Improv is art. I am doing art. I am learning art. I am living art. I am art.

I thought I had lost that, and I haven't. It's with me, and it's undeniable, which is why myself and so many of the people I care about most are still doing this thing, in whatever way it is points them towards what will make them happy.

I have to stop being so hard on myself, and I have to get out of my own way. That applies across the board, to all facets of me and my life. But it took Paul saying the word that I've rarely heard since moving here - art - to remind me that I am pursuing my dream - I am living my life in art.

I forgot that. I won't let it happen again.

Thursday, July 17, 2008

Showcase done. Depression ensues.

Well, only a little. But everyone else in the showcase really felt like a cast, so I think we're all having show withdrawal, even though it was technically a showcase. I suppose it's good to miss the people you worked with.

I did not get the desired "have actor contact me" requests from anyone, which was a bit of a let down. Bonnie told us that she got overwhelmingly positive feedback and very few requests for meetings for anyone, which she thinks probably has to do with the possibly impending SAG strike. So there's that. But as she said, we're on their radars and they know about us, so I'm trying to keep that in mind.

The house was packed both nights, which was great. Our scene went better the second time, as there were no major wardrobe malfactions, just a little accidental flashing. (Not by me.) I talked to some people afterwards and had a good time, but I didn't meet any agents. Met a couple cool writers and other actors. Networking is hard, man.

Here are the comments I got from the industry feedback forms, with names removed:

Good work! -- anonymous agent


Favorite scene. -- anonymous manager

Very fun.

A little "played at," but very fun. -- anonymous casting assistant

Good effort. Maybe a little more. -- anonymous manager

Nice! -- anonymous non-industry

Too over-the-top. -- anonymous production company rep

Lauren is such a joy to work with and so much fun to watch. She is
committed, smart, and talented. Cannot wait to cast her again!

Most of the comments were anonymous, but whatever. Good to know. And I agree with both of the negative ones to a degree. It is helpful for the learning.

So. Now I'm composing postcards and trying to figure out what is next. It's tempting to feel like I'm back where I started, but that just isn't true. I've made some industry connections and a lot of friends. And those are just plain good to have.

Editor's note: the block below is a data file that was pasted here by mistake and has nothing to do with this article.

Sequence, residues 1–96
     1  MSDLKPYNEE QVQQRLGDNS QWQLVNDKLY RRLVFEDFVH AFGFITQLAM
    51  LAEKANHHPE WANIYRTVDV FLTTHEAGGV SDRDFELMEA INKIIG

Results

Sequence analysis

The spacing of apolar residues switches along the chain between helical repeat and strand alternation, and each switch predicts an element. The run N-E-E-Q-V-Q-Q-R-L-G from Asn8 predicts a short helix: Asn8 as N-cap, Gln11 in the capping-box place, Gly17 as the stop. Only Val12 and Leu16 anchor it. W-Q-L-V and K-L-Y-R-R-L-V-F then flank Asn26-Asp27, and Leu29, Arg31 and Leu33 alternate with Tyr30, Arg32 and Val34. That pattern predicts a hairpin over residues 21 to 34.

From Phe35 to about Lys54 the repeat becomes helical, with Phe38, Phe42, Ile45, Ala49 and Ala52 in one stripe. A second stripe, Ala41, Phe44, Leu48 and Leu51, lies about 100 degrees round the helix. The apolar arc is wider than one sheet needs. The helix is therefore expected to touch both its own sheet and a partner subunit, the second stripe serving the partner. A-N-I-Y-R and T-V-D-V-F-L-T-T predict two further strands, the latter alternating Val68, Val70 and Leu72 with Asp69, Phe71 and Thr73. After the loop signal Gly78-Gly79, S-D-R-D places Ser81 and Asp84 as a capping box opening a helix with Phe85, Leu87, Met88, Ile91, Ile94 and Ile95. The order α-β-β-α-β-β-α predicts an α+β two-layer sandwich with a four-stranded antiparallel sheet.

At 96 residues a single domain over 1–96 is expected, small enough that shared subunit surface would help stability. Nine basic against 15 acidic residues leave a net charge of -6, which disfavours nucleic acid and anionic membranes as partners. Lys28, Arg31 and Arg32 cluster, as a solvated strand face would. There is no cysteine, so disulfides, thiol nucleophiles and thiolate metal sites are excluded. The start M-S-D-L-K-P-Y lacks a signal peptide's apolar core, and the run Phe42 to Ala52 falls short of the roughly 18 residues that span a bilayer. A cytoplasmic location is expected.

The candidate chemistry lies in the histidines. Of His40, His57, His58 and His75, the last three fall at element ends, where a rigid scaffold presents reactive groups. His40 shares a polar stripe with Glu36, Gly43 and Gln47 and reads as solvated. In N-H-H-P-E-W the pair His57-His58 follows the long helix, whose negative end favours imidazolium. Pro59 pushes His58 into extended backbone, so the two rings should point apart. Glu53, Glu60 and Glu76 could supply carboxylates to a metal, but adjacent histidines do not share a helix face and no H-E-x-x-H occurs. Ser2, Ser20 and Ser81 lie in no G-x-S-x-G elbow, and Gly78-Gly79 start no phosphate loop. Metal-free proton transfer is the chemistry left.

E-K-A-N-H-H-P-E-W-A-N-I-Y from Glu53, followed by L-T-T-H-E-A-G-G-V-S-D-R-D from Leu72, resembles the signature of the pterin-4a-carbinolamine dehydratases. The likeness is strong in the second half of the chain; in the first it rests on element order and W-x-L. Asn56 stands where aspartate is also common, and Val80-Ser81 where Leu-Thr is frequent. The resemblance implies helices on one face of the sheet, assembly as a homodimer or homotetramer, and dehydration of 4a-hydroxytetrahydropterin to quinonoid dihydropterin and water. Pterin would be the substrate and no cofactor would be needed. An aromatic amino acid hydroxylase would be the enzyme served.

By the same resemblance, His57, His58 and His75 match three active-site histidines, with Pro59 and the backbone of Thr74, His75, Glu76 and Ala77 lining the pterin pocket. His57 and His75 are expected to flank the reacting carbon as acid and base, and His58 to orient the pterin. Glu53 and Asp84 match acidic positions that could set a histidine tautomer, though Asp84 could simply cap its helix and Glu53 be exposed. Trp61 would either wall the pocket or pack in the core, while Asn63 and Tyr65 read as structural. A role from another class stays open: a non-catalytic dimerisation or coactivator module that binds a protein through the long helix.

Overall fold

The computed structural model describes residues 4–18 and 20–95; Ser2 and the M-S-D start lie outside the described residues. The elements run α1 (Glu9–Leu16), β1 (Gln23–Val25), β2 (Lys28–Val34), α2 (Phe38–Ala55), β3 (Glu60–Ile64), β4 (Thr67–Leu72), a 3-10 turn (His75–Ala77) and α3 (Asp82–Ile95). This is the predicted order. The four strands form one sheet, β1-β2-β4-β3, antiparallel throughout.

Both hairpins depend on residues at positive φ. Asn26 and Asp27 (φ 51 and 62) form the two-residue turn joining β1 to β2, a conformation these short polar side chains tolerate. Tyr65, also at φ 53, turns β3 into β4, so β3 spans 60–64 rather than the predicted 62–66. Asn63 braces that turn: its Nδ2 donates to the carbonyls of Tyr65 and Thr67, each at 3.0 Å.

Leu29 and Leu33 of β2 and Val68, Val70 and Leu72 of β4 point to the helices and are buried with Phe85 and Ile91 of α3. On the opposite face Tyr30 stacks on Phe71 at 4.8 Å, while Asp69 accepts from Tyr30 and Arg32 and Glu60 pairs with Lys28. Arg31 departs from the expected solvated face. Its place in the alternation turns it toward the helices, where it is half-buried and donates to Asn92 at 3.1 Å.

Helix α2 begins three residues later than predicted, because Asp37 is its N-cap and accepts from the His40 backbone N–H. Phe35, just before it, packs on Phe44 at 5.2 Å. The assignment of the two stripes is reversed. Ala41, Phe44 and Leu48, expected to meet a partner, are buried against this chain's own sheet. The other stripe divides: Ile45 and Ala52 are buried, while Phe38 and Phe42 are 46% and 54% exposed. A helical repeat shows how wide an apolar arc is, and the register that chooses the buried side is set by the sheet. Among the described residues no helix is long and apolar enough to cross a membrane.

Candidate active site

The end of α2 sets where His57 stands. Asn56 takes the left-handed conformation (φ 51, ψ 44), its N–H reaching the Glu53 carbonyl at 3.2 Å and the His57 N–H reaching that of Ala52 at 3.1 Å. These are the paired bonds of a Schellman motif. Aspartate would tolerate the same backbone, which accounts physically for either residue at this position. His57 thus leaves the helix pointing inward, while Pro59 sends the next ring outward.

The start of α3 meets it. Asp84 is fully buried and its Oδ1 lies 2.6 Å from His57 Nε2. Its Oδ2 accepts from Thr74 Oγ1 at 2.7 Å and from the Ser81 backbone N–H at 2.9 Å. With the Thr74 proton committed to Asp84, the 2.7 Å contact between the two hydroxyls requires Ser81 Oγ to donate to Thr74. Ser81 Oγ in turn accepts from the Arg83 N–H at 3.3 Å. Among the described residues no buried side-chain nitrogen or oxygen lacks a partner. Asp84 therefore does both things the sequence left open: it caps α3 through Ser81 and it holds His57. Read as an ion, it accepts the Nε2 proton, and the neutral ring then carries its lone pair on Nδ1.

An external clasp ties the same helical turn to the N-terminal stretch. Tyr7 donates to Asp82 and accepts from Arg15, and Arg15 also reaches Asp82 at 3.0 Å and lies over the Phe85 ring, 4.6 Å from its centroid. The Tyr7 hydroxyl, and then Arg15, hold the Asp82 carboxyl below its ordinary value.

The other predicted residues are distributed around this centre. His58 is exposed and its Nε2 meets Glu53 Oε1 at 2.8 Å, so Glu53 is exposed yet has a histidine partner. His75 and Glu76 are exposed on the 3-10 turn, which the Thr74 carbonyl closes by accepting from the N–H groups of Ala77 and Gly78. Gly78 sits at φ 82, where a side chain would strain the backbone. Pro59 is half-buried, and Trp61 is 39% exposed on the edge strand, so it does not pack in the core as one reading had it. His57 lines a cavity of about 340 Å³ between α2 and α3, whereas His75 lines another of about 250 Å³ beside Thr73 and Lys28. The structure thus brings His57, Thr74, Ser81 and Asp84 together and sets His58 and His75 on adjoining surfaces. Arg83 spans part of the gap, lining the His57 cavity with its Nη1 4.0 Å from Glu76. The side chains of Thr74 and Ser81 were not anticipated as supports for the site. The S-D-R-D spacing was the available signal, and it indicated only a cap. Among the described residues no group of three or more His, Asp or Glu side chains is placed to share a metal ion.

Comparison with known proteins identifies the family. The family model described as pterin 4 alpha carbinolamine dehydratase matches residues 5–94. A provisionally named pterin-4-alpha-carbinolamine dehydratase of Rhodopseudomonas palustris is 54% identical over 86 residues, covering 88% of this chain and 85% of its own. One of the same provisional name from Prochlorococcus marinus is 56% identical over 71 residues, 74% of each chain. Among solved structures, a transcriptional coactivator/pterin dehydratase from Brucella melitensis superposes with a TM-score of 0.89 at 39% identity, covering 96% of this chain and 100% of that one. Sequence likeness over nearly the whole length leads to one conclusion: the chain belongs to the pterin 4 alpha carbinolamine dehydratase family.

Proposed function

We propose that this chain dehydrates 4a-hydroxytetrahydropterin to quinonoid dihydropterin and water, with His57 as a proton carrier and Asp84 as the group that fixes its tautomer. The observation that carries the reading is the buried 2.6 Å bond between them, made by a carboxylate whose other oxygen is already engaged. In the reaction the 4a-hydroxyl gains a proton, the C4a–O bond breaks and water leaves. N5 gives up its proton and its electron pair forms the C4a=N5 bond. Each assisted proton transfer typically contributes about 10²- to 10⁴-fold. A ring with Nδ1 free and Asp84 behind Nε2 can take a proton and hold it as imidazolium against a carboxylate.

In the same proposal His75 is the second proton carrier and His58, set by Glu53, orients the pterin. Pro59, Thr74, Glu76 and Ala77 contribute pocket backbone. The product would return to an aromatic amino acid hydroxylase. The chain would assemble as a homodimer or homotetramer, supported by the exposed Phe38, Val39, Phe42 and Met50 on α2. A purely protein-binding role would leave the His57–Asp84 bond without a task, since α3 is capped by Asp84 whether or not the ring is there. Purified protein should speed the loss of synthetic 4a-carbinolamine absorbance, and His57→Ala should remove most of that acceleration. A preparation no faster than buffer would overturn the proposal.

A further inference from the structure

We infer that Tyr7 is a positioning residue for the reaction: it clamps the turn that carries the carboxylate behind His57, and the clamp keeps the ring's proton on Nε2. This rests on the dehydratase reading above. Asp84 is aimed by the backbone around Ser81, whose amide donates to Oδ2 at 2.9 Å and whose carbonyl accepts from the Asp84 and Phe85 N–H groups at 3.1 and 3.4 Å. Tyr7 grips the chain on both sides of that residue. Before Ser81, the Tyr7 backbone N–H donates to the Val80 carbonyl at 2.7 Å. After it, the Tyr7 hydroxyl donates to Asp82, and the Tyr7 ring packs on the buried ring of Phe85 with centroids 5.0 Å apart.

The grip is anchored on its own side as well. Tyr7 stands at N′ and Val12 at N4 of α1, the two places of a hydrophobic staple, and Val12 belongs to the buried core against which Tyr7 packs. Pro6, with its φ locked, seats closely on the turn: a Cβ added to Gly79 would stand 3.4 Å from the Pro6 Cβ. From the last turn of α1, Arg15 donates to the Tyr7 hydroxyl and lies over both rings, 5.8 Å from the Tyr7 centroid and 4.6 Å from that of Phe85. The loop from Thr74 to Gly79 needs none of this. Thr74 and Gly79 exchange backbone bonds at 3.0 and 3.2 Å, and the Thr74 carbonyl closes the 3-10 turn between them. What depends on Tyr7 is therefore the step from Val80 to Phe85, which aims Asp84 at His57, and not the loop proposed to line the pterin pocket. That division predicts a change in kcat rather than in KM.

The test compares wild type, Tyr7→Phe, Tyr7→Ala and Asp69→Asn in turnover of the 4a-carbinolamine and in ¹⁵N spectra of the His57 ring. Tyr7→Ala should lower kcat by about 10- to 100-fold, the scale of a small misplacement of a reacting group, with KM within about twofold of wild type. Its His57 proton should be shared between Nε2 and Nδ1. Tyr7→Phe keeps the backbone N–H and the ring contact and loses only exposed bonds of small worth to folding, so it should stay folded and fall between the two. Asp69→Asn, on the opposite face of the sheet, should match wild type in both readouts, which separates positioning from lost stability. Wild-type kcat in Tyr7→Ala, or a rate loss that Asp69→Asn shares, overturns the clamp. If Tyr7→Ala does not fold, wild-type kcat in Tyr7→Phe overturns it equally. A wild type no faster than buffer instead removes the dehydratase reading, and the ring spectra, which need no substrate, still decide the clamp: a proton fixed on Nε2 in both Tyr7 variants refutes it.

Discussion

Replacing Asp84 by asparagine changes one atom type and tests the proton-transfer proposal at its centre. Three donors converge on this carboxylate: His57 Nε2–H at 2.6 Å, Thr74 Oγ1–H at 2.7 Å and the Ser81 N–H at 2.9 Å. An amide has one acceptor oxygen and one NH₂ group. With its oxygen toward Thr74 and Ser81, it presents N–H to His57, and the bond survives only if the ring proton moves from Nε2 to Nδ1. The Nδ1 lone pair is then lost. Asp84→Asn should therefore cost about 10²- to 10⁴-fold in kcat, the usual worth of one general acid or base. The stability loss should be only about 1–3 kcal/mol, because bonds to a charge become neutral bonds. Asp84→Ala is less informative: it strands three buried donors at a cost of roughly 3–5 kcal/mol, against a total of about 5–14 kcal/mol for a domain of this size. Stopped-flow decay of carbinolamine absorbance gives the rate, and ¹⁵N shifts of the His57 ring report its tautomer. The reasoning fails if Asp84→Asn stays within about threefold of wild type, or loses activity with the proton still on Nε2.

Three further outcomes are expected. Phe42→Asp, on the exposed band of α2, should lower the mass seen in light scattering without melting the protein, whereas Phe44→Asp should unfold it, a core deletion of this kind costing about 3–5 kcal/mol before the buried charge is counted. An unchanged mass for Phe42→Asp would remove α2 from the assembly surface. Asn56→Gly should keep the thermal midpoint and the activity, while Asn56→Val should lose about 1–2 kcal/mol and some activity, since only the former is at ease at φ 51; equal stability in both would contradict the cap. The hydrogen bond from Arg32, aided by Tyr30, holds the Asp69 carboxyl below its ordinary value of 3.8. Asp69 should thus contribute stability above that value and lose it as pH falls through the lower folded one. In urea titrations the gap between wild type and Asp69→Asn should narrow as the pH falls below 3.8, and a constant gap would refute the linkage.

Also, I got a full time job. Did I mention that?

Thursday, July 10, 2008

Showcase Night One

I do love a live audience.

The showcase went great last night. We had a fantastic, loud, energetic, ready-to-laugh audience and the 248 seat house was packed. A friend in the audience said she saw the industry people scribbling away during our scenes, so hopefully that means good stuff.

My scene went okay - my partner is supposed to get dressed during the scene, and her skirt ripped in half and then she dropped her shirt. I changed the blocking a bit to try to let her gather her clothes, and we got a little off, but we saved it. The audience was laughing and no one backstage could even tell anything had gone wrong. I was a little frustrated, but I got over it. We handled it well. And we'll do it even better tonight.

After the show, I talked to a few people, but not as many as I had hoped. As a friend pointed out, it was a little anticlimactic, but we decided that if we were agents, we would turn in our notes of people we wanted to see and go home. So hopefully that's what happened. I'm anxiously and somewhat obssessively checking my email.

This is sort of fun - Xan is quoted on Blogstage, Backstage's...blog.

And, finally...I GOT A FULL TIME JOB!!!! I put this in excitables because it is salaried with benefits and an actor friend will be my boss and it's flexible enough for me to leave for auditions and shoots and such. It's a good thing for the time between now and when I can fully support myself acting.

Exciting week. And we're gonna rock it again tonight!

Tuesday, July 1, 2008

Stuff and stuff

It's been a while.

June flew by and the Cricket Feet Casting Actor's Showcase is next week! I'm super excited. My scene is going really well, and the director we've been working with, Chil Kong, is amazing. He offers these amazing three word nuggets of direction that totally change the scene. It's been wonderful to work with a director again, even if just on a three-minute scene. And I do get to chase a girl in a sheet while wearing heels. It's pretty fun.

I have a week to become a master networker and not be afraid to talk about myself and tell a story where I am the central character. I'm working on not being nervous about performing for a theatre full of people who could potentially give me a job. I'm excited, and I'm trying to fuel the rest of the nerves into more excitement.

It feels so good to be doing something that propels me forward. I'm excited for July 9th and 10th and what will come after.